— Je ne sais pas... exactement, dit Jane dubitativement. Je pense que les diamants réconforteraient beaucoup qui que ce soit.

— Bon bien, je ne veux être que moi-même, même si je passe toute ma vie sans le confort des diamants, déclara Anne. Je suis bien contente d'être Anne des Pignons Verts, avec mon collier de perles. Je sais que Matthew m'a montré plus d'amour avec ces perles que la dame en rose n'en a jamais reçu avec ses joyaux.
unit 1
CHAPTER XXXIII.
1 Translations, 2 Upvotes, Last Activity 3 months, 4 weeks ago
unit 2
THE HOTEL CONCERT.
1 Translations, 2 Upvotes, Last Activity 3 months, 4 weeks ago
unit 3
"Put on your white organdy, by all means, Anne," advised Diana decidedly.
1 Translations, 2 Upvotes, Last Activity 3 months, 4 weeks ago
unit 6
But in Anne's room the blind was drawn and the lamp lighted, for an important toilet was being made.
1 Translations, 2 Upvotes, Last Activity 3 months, 4 weeks ago
unit 13
To-night a spike of white lilies faintly perfumed the room like the dream of a fragrance.
2 Translations, 3 Upvotes, Last Activity 3 months, 4 weeks ago
unit 15
Anne was dressing for a concert at the White Sands Hotel.
1 Translations, 2 Upvotes, Last Activity 3 months, 4 weeks ago
unit 22
"Do you really think the organdy will be best?"
2 Translations, 3 Upvotes, Last Activity 3 months, 3 weeks ago
unit 23
queried Anne anxiously.
1 Translations, 2 Upvotes, Last Activity 3 months, 3 weeks ago
unit 24
"I don't think it's as pretty as my blue-flowered muslin—and it certainly isn't so fashionable."
3 Translations, 1 Upvotes, Last Activity 3 months, 3 weeks ago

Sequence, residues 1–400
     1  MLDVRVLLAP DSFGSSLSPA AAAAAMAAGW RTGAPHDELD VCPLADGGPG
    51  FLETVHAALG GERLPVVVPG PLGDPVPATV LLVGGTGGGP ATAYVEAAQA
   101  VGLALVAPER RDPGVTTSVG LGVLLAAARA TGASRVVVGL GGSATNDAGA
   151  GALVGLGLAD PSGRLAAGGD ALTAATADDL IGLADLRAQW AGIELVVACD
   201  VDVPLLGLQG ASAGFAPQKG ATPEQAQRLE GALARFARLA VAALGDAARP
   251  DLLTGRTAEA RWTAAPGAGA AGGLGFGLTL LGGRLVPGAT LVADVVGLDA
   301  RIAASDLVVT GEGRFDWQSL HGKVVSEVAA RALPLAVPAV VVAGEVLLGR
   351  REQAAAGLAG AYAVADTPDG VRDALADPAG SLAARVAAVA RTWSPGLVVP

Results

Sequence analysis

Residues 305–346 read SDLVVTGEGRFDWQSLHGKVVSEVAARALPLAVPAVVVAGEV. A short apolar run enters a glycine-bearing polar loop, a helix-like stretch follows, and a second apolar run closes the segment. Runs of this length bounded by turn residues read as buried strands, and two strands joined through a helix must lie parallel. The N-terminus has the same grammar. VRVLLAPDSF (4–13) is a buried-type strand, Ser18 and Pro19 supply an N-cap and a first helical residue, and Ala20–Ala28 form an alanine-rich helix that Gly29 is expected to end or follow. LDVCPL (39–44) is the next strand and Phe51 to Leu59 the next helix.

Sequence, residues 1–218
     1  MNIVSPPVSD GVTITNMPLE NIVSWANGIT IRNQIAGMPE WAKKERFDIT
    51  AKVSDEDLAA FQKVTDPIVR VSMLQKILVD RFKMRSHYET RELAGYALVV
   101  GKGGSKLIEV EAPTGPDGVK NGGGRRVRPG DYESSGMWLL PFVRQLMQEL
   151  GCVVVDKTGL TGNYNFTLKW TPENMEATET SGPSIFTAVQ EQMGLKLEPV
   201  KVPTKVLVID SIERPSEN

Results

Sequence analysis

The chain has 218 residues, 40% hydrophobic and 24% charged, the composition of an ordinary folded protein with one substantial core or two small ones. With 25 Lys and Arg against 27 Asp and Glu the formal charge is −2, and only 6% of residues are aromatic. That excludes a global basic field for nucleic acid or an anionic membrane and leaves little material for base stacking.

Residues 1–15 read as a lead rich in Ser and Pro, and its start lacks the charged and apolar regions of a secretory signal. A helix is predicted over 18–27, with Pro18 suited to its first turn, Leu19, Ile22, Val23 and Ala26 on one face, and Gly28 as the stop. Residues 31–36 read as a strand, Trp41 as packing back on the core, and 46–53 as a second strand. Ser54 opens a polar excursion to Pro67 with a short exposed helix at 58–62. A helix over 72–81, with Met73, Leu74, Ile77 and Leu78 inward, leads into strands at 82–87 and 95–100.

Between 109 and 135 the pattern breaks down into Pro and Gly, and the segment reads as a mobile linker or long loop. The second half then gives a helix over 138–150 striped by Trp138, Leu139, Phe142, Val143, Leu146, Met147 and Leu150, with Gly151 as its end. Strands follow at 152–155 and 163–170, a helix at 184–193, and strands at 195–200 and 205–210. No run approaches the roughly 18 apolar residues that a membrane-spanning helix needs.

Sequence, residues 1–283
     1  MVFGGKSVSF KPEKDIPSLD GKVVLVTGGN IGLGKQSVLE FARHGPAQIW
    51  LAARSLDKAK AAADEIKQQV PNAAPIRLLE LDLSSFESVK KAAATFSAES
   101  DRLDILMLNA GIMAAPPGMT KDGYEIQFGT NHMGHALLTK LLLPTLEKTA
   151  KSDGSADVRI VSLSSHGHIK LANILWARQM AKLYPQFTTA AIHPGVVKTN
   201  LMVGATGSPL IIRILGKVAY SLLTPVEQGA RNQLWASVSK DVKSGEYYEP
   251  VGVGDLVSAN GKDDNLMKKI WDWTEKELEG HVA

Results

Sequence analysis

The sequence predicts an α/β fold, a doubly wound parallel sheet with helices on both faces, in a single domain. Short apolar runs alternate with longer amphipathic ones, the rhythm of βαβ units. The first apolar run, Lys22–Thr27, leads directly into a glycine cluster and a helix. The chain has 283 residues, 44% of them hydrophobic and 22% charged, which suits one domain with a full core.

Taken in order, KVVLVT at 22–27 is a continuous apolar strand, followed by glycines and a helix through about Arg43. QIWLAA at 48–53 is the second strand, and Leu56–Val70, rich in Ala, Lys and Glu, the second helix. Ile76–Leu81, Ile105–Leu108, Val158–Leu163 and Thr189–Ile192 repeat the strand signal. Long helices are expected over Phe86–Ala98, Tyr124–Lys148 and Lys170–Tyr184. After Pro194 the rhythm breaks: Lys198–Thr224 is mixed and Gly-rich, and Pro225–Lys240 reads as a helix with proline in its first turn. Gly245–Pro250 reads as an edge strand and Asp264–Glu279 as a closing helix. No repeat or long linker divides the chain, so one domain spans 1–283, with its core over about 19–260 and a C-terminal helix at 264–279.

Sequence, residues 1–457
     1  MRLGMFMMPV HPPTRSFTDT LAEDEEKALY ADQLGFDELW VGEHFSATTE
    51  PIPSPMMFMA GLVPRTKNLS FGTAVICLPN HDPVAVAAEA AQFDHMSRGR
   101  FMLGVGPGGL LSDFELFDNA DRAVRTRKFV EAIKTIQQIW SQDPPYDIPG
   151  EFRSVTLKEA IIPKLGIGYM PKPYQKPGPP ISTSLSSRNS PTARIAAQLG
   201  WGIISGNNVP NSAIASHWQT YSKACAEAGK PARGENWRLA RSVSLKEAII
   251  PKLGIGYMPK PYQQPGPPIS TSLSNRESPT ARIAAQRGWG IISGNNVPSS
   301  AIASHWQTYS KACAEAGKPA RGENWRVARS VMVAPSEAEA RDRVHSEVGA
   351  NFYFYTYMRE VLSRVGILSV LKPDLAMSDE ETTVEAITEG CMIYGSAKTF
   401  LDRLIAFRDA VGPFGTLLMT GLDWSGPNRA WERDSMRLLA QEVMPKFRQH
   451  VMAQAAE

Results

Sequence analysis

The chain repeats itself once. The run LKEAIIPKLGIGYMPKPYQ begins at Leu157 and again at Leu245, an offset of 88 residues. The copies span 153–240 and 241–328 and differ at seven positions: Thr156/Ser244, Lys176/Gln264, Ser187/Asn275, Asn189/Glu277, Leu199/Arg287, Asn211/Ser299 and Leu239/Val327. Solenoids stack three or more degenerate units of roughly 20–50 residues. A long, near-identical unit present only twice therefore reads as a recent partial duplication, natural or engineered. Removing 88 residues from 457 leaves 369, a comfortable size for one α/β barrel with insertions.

unit 25
"But it suits you ever so much better," said Diana.
2 Translations, 3 Upvotes, Last Activity 3 months, 3 weeks ago
unit 26
"It's so soft and frilly and clinging.
1 Translations, 2 Upvotes, Last Activity 3 months, 3 weeks ago
unit 27
The muslin is stiff, and makes you look too dressed up.
1 Translations, 2 Upvotes, Last Activity 3 months, 3 weeks ago
unit 28
But the organdy seems as if it grew on you."
1 Translations, 1 Upvotes, Last Activity 3 months, 4 weeks ago
unit 29
Anne sighed and yielded.
1 Translations, 2 Upvotes, Last Activity 3 months, 3 weeks ago
unit 33
"Pull out that frill a little more—so; here, let me tie your sash; now for your slippers.
1 Translations, 1 Upvotes, Last Activity 3 months, 3 weeks ago
unit 36
I shall fasten this little white house rose just behind your ear.
1 Translations, 1 Upvotes, Last Activity 3 months, 3 weeks ago
unit 37
There was just one on my bush, and I saved it for you."
1 Translations, 1 Upvotes, Last Activity 3 months, 3 weeks ago
unit 38
"Shall I put my pearl beads on?"
1 Translations, 1 Upvotes, Last Activity 3 months, 3 weeks ago
unit 39
asked Anne.
1 Translations, 1 Upvotes, Last Activity 3 months, 3 weeks ago
unit 40
"Matthew brought me a string from town last week, and I know he'd like to see them on me."
1 Translations, 1 Upvotes, Last Activity 3 months, 3 weeks ago
unit 42
"There's something so stylish about you, Anne," said Diana, with unenvious admiration.
1 Translations, 1 Upvotes, Last Activity 3 months, 3 weeks ago
unit 43
"You hold your head with such an air.
1 Translations, 1 Upvotes, Last Activity 3 months, 3 weeks ago
unit 44
I suppose it's your figure.
1 Translations, 1 Upvotes, Last Activity 3 months, 3 weeks ago
unit 45
I am just a dumpling.
1 Translations, 1 Upvotes, Last Activity 3 months, 3 weeks ago
unit 46
I've always been afraid of it, and now I know it is so.
1 Translations, 1 Upvotes, Last Activity 3 months, 3 weeks ago
unit 47
Well, I suppose I shall just have to resign myself to it."
1 Translations, 1 Upvotes, Last Activity 3 months, 3 weeks ago
unit 49
"Lovely dimples, like little dents in cream.
2 Translations, 1 Upvotes, Last Activity 3 months, 3 weeks ago
unit 50
I have given up all hope of dimples.
1 Translations, 1 Upvotes, Last Activity 3 months, 3 weeks ago
unit 51
My dimple-dream will never come true; but so many of my dreams have that I mustn't complain.
1 Translations, 1 Upvotes, Last Activity 3 months, 3 weeks ago
unit 52
Am I all ready now?"
1 Translations, 1 Upvotes, Last Activity 3 months, 3 weeks ago
unit 54